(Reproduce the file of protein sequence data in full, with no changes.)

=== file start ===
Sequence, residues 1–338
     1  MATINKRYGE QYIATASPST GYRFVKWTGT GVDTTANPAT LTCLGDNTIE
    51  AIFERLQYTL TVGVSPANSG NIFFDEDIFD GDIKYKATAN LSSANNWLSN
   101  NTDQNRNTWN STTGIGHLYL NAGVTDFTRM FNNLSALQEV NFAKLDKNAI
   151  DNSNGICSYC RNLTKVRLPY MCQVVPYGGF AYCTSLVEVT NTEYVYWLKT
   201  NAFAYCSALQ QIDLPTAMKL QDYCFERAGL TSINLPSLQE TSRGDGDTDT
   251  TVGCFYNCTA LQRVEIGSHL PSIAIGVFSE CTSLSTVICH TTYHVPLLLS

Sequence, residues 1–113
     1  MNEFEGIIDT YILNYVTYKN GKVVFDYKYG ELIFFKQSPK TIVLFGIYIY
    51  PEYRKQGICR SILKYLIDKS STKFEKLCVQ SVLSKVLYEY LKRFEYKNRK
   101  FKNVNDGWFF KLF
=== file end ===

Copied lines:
Sequence, residues 1–338
     1  MATINKRYGE QYIATASPST GYRFVKWTGT GVDTTANPAT LTCLGDNTIE
    51  AIFERLQYTL TVGVSPANSG NIFFDEDIFD GDIKYKATAN LSSANNWLSN
   101  NTDQNRNTWN STTGIGHLYL NAGVTDFTRM FNNLSALQEV NFAKLDKNAI
   151  DNSNGICSYC RNLTKVRLPY MCQVVPYGGF AYCTSLVEVT NTEYVYWLKT
   201  NAFAYCSALQ QIDLPTAMKL QDYCFERAGL TSINLPSLQE TSRGDGDTDT
   251  TVGCFYNCTA LQRVEIGSHL PSIAIGVFSE CTSLSTVICH TTYHVPLLLS

Sequence, residues 1–113
     1  MNEFEGIIDT YILNYVTYKN GKVVFDYKYG ELIFFKQSPK TIVLFGIYIY
    51  PEYRKQGICR SILKYLIDKS STKFEKLCVQ SVLSKVLYEY LKRFEYKNRK
   101  FKNVNDGWFF KLF